Belfast Telegraph

Remembrance: The poppy should not offend anyone

Editor's Viewpoint

The improving relationship between Britain and Ireland was symbolised at a number of Remembrance Services yesterday. In London, the Irish Ambassador was present at the Remembrance Service in Whitehall, the first time this has happened since 1946.

In Enniskillen, the Taoiseach Enda Kenny attended the Remembrance Service at the Cenotaph for the third time in recent years, and this also symbolised the growing understanding between the two nations.

His presence at Enniskillen was also a reminder of the revulsion felt by people all over Ireland at the 1987 Provisional IRA no-warning bomb at the Cenotaph which killed 11 people and injured many more.

In Belfast, the Irish Foreign Minister Charlie Flanagan was present at the Remembrance Service at the Cenotaph where the Lord Mayor, Nichola Mallon of the SDLP, laid a wreath.

There was also a government representation at the highest level in Dublin when Tanaiste Joan Burton attended a Remembrance Service in St Patrick's Cathedral.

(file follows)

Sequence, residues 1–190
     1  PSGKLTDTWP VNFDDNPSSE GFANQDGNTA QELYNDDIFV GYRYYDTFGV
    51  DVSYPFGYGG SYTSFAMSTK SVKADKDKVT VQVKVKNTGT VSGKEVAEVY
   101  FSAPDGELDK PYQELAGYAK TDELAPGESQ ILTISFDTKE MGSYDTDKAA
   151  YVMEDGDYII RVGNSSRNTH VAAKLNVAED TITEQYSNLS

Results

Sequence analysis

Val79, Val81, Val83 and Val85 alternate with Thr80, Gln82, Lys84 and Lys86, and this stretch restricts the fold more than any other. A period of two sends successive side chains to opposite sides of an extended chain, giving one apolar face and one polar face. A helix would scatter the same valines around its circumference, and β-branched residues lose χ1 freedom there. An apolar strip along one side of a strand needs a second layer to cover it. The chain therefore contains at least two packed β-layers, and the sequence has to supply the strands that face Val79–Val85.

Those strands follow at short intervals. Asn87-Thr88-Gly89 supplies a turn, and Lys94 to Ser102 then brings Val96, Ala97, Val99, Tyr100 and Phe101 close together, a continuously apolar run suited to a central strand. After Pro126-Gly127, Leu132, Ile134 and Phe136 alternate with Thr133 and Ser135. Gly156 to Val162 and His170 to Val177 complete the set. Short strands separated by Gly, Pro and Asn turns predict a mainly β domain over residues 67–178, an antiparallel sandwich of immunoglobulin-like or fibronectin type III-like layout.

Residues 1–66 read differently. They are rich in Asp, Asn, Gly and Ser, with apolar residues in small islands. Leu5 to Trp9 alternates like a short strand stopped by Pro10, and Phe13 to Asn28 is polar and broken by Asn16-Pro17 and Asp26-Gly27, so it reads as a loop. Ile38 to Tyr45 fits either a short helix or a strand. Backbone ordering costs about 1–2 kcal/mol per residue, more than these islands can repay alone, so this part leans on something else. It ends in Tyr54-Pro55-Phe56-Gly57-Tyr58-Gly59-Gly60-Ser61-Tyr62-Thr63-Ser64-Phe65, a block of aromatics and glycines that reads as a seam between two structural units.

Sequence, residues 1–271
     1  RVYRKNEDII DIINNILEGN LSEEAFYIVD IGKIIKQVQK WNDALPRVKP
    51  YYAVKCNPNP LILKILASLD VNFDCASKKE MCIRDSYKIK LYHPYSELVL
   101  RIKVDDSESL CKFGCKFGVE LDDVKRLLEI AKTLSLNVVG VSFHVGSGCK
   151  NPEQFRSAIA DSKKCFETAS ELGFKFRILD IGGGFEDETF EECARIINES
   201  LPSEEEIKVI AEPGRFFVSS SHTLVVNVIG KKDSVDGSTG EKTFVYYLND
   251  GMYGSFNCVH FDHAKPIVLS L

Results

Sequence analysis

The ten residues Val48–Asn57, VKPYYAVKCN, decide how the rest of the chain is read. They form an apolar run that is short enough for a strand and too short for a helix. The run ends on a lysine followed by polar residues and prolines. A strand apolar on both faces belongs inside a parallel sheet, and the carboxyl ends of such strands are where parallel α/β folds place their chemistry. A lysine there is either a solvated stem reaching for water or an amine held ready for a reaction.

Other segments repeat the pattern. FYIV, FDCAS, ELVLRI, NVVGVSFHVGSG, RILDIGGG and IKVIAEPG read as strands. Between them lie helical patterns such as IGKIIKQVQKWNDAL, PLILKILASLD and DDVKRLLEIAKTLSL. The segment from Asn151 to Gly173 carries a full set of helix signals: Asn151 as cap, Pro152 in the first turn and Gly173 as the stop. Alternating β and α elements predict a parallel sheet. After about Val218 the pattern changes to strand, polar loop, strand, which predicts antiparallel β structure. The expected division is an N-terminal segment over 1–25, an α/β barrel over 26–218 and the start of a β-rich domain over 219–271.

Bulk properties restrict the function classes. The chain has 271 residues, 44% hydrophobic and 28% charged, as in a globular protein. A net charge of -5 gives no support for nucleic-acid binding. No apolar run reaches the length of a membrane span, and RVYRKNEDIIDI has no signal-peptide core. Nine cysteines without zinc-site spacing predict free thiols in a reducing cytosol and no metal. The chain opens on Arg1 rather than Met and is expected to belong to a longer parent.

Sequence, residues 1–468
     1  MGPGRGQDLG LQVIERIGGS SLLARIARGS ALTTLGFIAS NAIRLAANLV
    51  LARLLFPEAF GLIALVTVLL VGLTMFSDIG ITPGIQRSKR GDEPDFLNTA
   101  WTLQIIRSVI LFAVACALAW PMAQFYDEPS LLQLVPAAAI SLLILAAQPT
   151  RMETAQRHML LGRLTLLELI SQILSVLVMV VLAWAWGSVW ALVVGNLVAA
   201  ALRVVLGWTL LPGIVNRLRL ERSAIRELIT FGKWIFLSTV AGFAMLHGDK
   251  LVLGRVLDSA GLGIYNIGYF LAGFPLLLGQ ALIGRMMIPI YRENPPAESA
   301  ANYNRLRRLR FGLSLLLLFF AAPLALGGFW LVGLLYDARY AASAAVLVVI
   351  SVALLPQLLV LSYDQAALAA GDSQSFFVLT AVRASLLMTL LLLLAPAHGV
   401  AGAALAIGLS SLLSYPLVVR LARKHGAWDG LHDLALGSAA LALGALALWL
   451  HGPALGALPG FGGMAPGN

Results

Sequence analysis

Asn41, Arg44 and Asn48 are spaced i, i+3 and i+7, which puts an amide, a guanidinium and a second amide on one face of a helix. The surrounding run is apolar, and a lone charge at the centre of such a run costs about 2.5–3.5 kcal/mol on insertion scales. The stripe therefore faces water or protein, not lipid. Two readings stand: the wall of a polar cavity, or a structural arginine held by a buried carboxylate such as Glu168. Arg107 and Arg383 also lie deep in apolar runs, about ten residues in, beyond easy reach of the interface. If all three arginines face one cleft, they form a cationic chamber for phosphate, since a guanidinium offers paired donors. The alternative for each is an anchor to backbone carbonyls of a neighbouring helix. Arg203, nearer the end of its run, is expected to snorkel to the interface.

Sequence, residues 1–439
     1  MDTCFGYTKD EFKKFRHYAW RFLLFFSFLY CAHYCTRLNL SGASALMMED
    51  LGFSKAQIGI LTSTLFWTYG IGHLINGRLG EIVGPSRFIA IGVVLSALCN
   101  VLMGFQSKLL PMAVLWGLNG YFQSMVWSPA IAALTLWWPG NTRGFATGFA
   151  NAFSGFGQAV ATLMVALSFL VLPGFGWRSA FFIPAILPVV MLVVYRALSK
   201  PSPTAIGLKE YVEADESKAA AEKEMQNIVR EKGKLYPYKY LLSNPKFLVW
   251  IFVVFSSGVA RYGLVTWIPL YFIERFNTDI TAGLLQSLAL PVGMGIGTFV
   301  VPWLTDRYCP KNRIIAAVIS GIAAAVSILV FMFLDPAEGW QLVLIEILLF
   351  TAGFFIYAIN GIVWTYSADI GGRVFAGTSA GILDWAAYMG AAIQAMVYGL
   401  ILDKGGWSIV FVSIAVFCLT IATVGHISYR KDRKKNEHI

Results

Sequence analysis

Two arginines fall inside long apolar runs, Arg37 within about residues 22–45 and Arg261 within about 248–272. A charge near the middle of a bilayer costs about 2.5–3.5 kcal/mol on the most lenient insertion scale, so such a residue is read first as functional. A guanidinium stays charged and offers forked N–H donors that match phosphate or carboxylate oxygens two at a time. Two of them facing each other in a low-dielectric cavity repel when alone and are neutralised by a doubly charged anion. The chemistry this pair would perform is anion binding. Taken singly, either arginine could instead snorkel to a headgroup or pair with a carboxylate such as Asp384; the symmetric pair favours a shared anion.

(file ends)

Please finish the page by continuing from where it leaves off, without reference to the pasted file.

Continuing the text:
These shared acts of commemoration were a welcome change from the situation not so long ago, when many nationalists refused to participate in such ceremonies.

These commemorations paid tribute to the many brave men and women from all parts of Ireland who fought side by side in the First and Second World Wars, and in many conflicts since then.

However, the passage of time has helped people from all backgrounds to realise that narrow nationalism had no place in world conflicts where the freedom of whole nations was at stake. Consequently, the war service of all the participants from this island began to be seen in context, and the visit of the Queen to the Irish Republic, as well as the recent visit of the President of Ireland to Britain, were watersheds in the improving relations between both countries.

Progress, until quite recently, was distressingly slow, but it is important to recognise that the situation has improved, and quite dramatically so in the past few years.

There is progress still to be made, and some people from the nationalist community still regard the poppy as a "British" military symbol, rather than as a reminder of the sacrifice and suffering of war on all sides.

With time, hopefully, the poppy can become a shared symbol for almost everyone on this island, which has known so many horrors of war.

At the very least, it should be a symbol that offends no one.

Belfast Telegraph

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